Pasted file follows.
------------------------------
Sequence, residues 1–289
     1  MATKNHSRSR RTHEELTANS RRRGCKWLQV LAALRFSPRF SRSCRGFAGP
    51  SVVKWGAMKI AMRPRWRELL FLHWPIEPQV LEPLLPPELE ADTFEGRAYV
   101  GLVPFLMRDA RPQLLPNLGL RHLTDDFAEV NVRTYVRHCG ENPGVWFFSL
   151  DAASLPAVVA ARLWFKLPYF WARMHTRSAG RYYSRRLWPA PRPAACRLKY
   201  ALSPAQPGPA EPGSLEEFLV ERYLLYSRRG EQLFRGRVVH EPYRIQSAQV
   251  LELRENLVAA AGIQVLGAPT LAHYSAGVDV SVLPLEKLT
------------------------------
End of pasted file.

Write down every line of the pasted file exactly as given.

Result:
Sequence, residues 1–289
     1  MATKNHSRSR RTHEELTANS RRRGCKWLQV LAALRFSPRF SRSCRGFAGP
    51  SVVKWGAMKI AMRPRWRELL FLHWPIEPQV LEPLLPPELE ADTFEGRAYV
   101  GLVPFLMRDA RPQLLPNLGL RHLTDDFAEV NVRTYVRHCG ENPGVWFFSL
   151  DAASLPAVVA ARLWFKLPYF WARMHTRSAG RYYSRRLWPA PRPAACRLKY
   201  ALSPAQPGPA EPGSLEEFLV ERYLLYSRRG EQLFRGRVVH EPYRIQSAQV
   251  LELRENLVAA AGIQVLGAPT LAHYSAGVDV SVLPLEKLT